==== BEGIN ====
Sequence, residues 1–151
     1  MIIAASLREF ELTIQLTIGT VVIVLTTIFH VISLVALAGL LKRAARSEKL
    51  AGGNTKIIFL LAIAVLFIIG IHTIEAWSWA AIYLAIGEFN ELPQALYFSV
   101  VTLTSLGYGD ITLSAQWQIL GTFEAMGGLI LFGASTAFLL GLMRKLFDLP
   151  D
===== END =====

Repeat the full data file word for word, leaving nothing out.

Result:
Sequence, residues 1–151
     1  MIIAASLREF ELTIQLTIGT VVIVLTTIFH VISLVALAGL LKRAARSEKL
    51  AGGNTKIIFL LAIAVLFIIG IHTIEAWSWA AIYLAIGEFN ELPQALYFSV
   101  VTLTSLGYGD ITLSAQWQIL GTFEAMGGLI LFGASTAFLL GLMRKLFDLP
   151  D